A question was posed at a school district meeting several month ago: Exactly how many Métis students are enrolled in Abbotsford schools?
Angus Mackay, assistant superintendent of the Abbotsford School District, was able to get an answer to the question in under an hour – thanks to the “data dashboard.”
“I was able to go to our data analyst. He goes away and half an hour later, I have a new filter,” Mackay said during a recent school board meeting. “[The filter] will tell me [which Indigenous students live] on reserve, off reserve and their specific band.
“We actually have Inuit students in our district. We have nine or 11 Inuit students!”
The data dashboard is another name for Power BI, a business analytics service developed by Microsoft, which the school district is putting to use. It has streamlined how student information is accessed by administrators, according to Perry Smith, director of instruction for the school district.
“We’re just happy to have something that puts data in our hands that we can use to inform our practice. Data is really great,” Smith said.
“I really consider it like a district map. Instead of streets and houses and organizations on the map, it’s kids and information about them so that we can make better decisions on how to staff schools and how to allocate resources.”
For the last three years, the dashboard has allowed the district’s senior management to easily look at the demographic trends of their student body. Student performance, report card data, foundations skills assessments and attendance records can be easily accessed by administrators with the proper clearance for those records.
“[The dashboard] was something that emerged from a want of really accessible data information that had a user interface that was really friendly,” Smith said. “We’ve had other data warehouses that could look at data, but they were super clunky.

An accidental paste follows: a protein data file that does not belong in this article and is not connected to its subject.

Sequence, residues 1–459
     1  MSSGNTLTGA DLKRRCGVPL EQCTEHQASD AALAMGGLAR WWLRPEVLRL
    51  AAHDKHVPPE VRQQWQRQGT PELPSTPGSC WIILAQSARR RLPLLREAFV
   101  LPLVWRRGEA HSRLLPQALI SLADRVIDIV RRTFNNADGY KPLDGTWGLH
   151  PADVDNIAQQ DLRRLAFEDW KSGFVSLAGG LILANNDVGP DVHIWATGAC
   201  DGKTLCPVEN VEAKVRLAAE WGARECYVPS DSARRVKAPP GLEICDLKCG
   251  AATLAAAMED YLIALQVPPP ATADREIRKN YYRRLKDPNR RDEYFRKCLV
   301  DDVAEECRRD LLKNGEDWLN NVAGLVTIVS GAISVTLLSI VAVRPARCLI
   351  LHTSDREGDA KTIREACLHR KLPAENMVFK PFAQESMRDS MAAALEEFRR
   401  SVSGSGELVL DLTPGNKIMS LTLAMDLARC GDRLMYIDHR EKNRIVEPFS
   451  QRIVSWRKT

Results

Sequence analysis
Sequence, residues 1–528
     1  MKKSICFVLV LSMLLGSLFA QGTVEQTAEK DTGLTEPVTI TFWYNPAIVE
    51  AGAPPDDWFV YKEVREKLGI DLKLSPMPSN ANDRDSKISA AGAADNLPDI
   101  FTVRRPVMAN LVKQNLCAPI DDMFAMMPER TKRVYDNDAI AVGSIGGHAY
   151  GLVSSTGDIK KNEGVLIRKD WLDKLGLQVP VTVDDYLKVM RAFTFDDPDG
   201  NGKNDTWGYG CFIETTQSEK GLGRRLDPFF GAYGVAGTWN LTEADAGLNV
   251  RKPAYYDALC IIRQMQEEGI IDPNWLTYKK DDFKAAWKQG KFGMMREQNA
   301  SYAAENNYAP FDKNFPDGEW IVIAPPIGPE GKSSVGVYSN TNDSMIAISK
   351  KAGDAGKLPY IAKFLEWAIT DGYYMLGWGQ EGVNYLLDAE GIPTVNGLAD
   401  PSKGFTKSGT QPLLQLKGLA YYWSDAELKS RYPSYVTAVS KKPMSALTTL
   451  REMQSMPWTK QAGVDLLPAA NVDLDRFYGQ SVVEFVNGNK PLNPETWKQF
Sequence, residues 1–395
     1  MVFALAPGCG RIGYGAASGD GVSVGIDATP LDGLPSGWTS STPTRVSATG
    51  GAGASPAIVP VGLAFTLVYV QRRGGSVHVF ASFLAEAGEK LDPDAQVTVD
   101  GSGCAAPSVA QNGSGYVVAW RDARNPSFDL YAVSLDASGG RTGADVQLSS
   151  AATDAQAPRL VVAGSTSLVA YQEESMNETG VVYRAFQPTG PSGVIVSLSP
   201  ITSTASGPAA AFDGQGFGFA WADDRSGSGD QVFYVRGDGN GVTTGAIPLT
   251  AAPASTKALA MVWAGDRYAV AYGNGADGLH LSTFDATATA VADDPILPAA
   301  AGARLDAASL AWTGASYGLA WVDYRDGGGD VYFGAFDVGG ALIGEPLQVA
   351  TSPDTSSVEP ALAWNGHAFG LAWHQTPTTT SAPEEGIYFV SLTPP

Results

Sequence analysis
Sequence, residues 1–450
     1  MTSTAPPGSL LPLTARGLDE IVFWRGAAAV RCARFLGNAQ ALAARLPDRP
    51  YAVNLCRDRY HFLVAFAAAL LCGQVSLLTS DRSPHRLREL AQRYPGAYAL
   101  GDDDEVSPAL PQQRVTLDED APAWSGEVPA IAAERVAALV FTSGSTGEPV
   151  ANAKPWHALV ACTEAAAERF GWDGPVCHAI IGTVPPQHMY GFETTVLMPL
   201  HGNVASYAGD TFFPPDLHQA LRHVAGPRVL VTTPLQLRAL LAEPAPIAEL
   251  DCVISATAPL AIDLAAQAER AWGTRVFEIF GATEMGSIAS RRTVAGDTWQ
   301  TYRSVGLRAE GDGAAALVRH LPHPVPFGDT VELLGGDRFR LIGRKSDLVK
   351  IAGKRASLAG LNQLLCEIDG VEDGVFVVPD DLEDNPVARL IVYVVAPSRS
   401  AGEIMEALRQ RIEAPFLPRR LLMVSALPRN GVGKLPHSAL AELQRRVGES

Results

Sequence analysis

“The implementation is growing among our management staff.”
This student data is then used with qualitative information about schools and students to guide official decisions, Smith said.
An example of how the dashboard can help guide the decision-making process was seen at the school board meeting on Jan. 14. Trustees were reviewing the academic progress of their middle school students and found Indigenous students had disproportionately high absences, and received disciplinary action at a much higher rate.
“I can’t think of a single principal or vice-principal in middle school that I would ever dream is prejudiced or unfair,” Mackay said. “That speaks to me of institutional bias, institutional inequity.”
The dashboard also showed that 14 per cent of Indigenous students choose to take integrated arts programs over all the other choice programs available for students, and their academic performance and attendance is higher there.
“How much have we done to explore the difference between the achievements … of those kids at the integrated arts programs in terms of their service delivery, their outcomes and their behaviour … versus the students who are in mainstream programming?” said vice-chair of the board, Rhonda Pauls.
“What do we know about Indigenous culture? They’re storytellers, they’re performers, they’re musicians, they love nature, they love the outdoors. They embody integrated arts as a culture. This was an aha moment for me.”
Mackay said the dashboard is an important tool for the district.
“The whole purpose of collecting data is not to put it in a binder and put it on a shelf. It needs to be used on a regular basis by teachers, by principals, by vice-principals to guide our practice, to inform our instruction,” Mackay said. “That’s the power of the dashboard.”